Gripology

Much of the focus in production is devoted to trying to keep up with the dizzying array of new video formats, codecs and cameras, plus the maze of postproduction gear and challenges that we all must be aware of. New innovations in grip and lighting gear often are overlooked by producers, directors and DPs. It’s too easy for us to take grip gear for granted; isn’t grip gear all those C-stands and Hi-Rollers that mostly live on the grip truck? Whether you’re on a production that has a full grip department or are shooting an indie project with a small crew, grip gear is universal. We all use it and need it, no matter what kind of production we’re involved in.

…if you don’t have the proper tools to move the camera or position and control the light, achieving the look you’ve envisioned for the project may prove to be your biggest challenge.

The evolving technology of grip equipment recently has become the most interesting in the smaller-scale levels of the production industry. The good news is that grip equipment has begun to evolve and change over the past few years. Manufacturers are reacting to the changing production environment with smaller, lighter and less expensive gear. But most importantly, grip equipment manufacturers seem to be thinking outside of the box with the design of a whole new crop of innovative grip tools.

In the quest to discover what’s new in the world of grip gear, I paid a visit to Matthews Studio Equipment. Located in Burbank, California, Matthews has a long history of innovating new categories of grip gear for all levels of video and film production. I sat down with Matthews CEO Ed Philips to discuss some of the new solutions that he’s bringing to the market.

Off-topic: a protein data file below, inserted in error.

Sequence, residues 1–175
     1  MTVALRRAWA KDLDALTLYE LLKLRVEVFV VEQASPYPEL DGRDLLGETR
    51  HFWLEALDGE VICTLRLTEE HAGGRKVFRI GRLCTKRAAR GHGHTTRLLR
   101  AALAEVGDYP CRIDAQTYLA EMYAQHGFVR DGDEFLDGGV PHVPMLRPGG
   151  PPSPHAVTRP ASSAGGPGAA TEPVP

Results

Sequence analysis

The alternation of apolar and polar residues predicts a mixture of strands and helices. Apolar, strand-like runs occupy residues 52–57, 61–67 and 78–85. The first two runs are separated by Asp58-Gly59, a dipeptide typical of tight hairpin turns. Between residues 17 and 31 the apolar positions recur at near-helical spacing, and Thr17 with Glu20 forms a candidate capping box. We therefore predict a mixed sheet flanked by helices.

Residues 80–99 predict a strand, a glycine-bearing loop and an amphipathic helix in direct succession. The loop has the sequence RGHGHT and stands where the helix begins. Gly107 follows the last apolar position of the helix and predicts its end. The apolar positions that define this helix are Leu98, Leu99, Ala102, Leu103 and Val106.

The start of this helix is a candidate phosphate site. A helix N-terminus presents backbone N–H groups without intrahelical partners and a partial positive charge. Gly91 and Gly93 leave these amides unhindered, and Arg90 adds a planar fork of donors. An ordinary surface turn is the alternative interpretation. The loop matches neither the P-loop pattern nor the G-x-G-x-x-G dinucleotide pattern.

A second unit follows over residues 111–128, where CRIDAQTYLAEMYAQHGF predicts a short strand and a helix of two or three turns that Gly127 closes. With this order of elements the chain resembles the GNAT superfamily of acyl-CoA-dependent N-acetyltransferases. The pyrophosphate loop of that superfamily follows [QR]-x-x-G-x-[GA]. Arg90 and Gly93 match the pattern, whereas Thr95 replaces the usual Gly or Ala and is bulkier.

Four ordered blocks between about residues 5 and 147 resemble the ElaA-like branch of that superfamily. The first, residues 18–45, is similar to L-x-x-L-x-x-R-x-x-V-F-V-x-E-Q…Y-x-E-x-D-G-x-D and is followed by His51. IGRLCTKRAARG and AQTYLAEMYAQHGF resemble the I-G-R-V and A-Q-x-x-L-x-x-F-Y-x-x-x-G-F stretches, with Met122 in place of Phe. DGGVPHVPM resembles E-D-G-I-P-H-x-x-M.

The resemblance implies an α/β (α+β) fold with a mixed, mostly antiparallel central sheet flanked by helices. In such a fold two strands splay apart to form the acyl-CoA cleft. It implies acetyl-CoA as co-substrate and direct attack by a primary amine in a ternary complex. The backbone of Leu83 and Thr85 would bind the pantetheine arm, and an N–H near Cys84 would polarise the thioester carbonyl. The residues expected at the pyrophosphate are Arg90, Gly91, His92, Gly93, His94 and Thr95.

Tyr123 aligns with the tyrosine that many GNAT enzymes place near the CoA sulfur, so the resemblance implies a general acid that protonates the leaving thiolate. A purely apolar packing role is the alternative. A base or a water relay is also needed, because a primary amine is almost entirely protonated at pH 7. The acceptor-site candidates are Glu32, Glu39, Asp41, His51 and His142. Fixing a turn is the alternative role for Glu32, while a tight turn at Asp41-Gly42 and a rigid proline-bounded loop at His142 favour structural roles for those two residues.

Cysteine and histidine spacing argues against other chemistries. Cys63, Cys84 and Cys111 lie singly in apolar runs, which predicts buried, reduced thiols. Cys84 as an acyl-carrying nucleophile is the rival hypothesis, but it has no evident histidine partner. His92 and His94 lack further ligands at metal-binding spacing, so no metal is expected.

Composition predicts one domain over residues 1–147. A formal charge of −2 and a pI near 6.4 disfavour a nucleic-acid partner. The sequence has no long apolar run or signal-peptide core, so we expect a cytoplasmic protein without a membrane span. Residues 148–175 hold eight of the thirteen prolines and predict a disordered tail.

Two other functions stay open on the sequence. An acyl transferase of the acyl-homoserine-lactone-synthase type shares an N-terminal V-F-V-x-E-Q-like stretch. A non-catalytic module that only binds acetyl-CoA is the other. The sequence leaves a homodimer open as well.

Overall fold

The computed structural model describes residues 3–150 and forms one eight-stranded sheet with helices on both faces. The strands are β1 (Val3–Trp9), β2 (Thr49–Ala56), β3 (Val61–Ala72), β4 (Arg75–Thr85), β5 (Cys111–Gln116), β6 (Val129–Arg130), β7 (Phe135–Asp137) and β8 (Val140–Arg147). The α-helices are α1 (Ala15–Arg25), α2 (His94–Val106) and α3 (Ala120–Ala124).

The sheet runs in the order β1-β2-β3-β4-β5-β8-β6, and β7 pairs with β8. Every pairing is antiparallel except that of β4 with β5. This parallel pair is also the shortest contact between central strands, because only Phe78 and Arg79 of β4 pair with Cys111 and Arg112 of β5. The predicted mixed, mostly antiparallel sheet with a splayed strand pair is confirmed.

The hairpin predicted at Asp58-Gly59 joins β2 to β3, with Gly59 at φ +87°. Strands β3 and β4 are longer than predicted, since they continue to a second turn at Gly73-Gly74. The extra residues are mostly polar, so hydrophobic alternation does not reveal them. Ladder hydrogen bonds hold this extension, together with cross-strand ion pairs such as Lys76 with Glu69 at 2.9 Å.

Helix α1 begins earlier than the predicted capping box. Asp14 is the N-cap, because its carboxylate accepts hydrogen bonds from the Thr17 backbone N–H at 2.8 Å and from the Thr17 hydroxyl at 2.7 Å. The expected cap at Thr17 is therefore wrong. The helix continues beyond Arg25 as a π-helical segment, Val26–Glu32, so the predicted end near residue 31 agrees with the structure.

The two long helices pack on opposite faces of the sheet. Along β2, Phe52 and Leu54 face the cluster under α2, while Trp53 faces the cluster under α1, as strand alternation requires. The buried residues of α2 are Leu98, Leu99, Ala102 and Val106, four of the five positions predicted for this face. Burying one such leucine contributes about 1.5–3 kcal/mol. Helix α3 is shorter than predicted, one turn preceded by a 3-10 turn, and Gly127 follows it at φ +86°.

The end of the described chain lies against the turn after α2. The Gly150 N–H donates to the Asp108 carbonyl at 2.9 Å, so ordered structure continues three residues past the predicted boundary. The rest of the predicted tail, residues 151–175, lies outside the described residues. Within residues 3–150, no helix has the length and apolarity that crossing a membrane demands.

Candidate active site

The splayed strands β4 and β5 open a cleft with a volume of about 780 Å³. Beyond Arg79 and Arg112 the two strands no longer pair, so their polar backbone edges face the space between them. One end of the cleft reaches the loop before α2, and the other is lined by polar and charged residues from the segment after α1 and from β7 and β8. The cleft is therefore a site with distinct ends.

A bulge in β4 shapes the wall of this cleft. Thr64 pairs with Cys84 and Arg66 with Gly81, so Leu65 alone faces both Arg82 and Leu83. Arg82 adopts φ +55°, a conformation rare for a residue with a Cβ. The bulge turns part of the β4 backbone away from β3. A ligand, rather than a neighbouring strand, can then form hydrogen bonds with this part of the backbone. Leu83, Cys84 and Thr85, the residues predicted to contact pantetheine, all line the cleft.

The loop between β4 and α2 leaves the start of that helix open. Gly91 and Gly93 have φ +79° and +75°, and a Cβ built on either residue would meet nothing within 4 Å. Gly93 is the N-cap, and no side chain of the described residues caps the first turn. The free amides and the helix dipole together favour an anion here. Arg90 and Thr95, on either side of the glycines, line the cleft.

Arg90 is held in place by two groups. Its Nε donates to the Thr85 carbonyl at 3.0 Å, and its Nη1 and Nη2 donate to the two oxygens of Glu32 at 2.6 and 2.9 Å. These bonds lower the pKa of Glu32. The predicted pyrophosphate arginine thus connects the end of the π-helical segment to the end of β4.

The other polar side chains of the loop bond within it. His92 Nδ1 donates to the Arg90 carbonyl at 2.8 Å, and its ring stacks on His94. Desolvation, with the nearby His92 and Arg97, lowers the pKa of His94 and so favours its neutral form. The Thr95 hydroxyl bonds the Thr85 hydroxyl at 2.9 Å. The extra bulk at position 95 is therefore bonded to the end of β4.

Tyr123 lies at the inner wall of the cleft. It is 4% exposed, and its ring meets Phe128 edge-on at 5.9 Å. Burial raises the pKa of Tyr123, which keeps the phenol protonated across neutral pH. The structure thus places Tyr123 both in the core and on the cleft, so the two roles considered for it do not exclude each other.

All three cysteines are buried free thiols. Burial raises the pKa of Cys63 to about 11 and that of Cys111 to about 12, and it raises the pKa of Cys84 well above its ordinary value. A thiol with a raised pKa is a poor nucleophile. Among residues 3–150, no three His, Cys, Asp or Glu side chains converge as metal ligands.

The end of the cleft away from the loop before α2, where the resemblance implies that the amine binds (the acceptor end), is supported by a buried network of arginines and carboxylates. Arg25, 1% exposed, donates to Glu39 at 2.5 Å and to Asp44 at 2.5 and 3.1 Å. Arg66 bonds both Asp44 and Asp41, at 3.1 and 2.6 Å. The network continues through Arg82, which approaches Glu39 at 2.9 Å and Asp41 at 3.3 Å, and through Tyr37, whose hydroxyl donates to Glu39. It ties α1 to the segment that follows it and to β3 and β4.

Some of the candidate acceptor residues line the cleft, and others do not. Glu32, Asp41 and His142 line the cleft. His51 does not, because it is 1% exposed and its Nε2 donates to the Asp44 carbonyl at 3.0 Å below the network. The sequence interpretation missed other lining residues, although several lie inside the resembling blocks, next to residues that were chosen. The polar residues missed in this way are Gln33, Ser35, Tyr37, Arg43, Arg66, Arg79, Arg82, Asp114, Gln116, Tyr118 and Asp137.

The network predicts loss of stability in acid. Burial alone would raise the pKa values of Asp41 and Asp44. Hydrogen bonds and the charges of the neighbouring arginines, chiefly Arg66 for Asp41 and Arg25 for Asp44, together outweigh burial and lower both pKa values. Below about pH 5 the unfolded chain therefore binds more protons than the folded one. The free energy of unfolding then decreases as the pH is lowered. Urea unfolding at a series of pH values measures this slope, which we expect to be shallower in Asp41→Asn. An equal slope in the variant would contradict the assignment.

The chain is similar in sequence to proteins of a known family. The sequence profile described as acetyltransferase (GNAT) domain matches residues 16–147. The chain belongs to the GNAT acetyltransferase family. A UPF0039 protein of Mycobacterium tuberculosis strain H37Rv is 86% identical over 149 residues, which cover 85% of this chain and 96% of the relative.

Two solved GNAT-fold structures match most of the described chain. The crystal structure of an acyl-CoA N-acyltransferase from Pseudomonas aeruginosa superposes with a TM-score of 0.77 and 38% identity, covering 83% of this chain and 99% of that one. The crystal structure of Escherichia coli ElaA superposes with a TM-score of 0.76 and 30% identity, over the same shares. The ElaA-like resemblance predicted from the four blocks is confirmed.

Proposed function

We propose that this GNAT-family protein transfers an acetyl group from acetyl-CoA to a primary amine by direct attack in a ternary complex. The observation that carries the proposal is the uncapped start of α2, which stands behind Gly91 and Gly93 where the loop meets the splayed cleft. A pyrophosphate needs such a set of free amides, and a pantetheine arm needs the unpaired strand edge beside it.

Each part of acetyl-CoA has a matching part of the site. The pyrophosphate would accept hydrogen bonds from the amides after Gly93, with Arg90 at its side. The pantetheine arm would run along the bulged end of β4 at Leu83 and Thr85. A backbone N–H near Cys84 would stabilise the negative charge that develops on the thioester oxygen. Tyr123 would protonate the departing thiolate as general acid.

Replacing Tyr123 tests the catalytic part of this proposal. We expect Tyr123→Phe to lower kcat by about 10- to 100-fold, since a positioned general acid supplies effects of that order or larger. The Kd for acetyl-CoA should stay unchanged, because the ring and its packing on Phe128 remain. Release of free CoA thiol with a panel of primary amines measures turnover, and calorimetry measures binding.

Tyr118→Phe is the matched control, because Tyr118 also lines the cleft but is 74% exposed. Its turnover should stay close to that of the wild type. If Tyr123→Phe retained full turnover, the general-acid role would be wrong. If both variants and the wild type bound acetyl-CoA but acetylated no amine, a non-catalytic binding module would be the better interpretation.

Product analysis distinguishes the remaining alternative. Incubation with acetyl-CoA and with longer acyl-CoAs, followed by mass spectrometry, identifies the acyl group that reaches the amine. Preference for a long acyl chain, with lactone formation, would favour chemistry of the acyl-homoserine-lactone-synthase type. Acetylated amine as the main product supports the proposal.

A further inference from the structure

"Grips have several responsibilities these days," says Philips. "One responsibility is to move the camera safely from point A to point B. The other might be to come up with whatever mounting or rigging might be necessary for the production. The third aspect is lighting control."

As our conversation continued, I posed three different common production scenarios to Philips to see what kinds of solutions Matthews could offer to overcome the challenges presented in each situation.

SCENARIO ONE: CAMERA MOVEMENT

In order to smoothly move the camera, the most popular solution is a camera dolly. Precise camera movement enhances production value and gives the shots a more visually sophisticated look and feel. Many productions can’t afford the budget to rent a high-end dolly like a Fisher or a Chapman. In order to transport a heavy dolly that may weigh hundreds of pounds, the producer must provide a box van or larger truck with a hydraulic lift gate. If you add the costs in time and money to transport a heavyweight dolly to and from the location, as well as the labor needed to move it around the set or up and down stairs, the costs can be prohibitive for smaller productions.

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